Reading a certificate of calibration can be confusing for technicians or managers that aren’t familiar with calibration terminology. One of the most frequently asked questions is “what does as found mean?” As found is one of the key terms that are used to define measurement data. Differentiating data is important for performing comparisons and determining magnitude of any calibration drift.
The as found term refers to measurement data recorded prior to repair or adjustment. This may also be called before data or received data. As found is only used to describe measurements from an item that must be repaired or adjusted to ensure accuracy.
The term as left describes measurement data recorded after repair or adjustment. As left is often used interchangeably with the phrase after data. The as left measurement data provides validation for necessary repairs or adjustments.
A found left term is appropriate when measurement data is recorded for an item that does not require adjustment or repair. The term found left is only used for instruments that passed testing without modification.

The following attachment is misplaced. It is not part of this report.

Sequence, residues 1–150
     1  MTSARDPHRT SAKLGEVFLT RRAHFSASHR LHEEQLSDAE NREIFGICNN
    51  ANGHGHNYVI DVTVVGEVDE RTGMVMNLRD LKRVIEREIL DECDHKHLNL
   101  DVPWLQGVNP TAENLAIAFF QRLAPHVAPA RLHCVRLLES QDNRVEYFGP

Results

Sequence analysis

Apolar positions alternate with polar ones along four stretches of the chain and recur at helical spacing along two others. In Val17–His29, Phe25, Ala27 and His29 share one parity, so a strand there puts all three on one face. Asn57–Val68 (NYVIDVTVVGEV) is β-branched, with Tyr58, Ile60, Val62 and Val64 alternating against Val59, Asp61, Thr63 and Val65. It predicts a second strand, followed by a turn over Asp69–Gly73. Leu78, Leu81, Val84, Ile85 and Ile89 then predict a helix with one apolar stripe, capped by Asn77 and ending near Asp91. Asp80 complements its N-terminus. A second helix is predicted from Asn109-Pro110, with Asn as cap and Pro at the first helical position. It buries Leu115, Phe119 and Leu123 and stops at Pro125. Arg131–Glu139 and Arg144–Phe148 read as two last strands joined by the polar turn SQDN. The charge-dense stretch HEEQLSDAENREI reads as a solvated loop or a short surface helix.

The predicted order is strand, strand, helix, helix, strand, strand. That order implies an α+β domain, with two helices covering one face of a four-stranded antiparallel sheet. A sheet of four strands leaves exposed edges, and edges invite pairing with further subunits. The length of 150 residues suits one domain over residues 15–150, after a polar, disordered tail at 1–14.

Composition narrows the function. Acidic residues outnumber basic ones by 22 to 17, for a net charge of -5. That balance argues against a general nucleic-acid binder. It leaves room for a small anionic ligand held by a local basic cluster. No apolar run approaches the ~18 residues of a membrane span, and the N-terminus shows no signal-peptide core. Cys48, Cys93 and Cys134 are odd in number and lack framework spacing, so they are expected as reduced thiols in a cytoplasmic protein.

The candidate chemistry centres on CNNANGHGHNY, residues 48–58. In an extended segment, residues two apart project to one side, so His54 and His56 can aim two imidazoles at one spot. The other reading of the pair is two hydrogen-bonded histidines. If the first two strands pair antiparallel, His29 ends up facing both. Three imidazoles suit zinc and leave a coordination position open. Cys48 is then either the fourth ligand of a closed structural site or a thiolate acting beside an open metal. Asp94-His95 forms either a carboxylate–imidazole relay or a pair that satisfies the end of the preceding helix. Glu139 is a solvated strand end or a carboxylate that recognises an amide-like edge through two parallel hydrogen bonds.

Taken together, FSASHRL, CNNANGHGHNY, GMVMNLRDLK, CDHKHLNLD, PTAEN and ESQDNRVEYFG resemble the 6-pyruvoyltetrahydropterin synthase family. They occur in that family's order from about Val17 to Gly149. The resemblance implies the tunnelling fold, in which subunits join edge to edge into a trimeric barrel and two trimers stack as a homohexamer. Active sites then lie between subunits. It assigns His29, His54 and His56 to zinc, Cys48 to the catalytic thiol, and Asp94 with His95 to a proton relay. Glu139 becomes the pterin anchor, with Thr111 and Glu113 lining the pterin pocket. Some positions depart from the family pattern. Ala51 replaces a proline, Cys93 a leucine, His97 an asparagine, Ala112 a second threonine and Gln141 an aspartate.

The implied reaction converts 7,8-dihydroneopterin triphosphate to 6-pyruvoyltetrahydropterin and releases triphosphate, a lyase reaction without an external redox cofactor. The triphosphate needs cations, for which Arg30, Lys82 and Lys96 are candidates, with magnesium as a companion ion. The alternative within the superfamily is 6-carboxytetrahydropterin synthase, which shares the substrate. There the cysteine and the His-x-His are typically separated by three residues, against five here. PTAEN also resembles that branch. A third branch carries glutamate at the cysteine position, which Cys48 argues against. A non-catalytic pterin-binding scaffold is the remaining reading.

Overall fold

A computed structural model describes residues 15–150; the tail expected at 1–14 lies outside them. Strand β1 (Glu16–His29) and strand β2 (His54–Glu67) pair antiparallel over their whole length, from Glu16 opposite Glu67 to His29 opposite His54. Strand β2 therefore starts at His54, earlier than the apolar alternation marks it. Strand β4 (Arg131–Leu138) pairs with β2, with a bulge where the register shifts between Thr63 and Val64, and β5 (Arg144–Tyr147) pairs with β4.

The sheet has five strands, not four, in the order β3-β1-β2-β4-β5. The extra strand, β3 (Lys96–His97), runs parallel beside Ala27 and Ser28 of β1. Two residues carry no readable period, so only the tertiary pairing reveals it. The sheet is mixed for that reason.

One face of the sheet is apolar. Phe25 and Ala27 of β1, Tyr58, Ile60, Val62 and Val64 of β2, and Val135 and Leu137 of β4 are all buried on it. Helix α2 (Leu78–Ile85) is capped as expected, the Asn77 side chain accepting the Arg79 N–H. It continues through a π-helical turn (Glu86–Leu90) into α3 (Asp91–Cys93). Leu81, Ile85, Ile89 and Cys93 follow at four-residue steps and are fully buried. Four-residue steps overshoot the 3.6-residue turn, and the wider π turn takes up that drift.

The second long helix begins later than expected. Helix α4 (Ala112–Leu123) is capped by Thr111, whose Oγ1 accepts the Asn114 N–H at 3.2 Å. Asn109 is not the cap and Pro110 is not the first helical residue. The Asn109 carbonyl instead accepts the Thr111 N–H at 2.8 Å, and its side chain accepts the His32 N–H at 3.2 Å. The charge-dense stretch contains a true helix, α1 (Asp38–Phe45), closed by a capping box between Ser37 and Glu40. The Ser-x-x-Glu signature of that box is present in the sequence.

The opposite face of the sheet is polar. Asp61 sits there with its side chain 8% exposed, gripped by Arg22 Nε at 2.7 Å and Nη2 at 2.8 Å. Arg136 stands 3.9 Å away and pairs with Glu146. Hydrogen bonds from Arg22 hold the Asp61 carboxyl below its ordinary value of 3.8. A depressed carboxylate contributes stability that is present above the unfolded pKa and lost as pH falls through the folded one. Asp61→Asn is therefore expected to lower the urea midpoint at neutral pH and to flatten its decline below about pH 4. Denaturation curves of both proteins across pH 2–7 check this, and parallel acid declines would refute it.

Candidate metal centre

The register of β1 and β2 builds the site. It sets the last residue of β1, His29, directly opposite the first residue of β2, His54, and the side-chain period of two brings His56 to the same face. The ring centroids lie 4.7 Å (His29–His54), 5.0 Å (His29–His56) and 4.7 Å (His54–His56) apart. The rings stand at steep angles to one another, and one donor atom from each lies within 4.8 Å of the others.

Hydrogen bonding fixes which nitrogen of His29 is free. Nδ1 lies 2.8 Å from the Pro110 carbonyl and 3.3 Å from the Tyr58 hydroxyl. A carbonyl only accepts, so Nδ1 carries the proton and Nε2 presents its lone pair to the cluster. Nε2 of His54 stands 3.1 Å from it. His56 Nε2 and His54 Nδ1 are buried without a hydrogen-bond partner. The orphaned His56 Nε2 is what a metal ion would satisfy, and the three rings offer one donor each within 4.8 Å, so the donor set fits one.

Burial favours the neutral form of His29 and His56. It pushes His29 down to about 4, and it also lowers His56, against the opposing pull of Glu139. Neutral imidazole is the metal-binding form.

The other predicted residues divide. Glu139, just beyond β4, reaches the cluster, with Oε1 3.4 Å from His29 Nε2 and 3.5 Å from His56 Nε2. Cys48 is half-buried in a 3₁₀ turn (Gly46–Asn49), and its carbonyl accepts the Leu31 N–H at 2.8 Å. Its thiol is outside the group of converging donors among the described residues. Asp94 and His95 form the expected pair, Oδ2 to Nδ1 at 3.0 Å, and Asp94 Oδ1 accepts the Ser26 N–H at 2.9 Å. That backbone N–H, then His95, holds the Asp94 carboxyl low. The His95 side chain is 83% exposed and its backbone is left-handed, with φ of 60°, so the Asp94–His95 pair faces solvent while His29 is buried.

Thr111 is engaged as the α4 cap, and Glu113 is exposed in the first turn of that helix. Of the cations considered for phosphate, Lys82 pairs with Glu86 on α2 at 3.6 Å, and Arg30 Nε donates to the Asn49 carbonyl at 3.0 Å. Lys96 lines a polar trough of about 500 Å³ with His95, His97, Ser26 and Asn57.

The inoperable term is used when an instrument is incapable of being powered on or unusable to test a specific range or function.
Managers or technicians that are new to or unfamiliar with quality processes can find the different terms confusing, leading to terms being used incorrectly. Do not mistake measurement data with instrument condition terms.
“The as found, as left, and found left terms refer to measurement data – not the instrument.”
Comprehensive quality management systems often use the data on certificates of calibration to track tolerance conformance over time. The as found data allows managers to track calibration drift over time. This information can help quality departments make decisions about testing or tooling investments.
Example: torque wrench #003 tends to be out of calibration by more than 10% after the most recent test. The Quality Manager checks past history and finds that #003 has been testing out of calibration at a greater rate over the past 3 cycles. This may prompt the manager to shorten the calibration interval or begin planning for replacement of the wrench.Visit our Quality & Compliance Library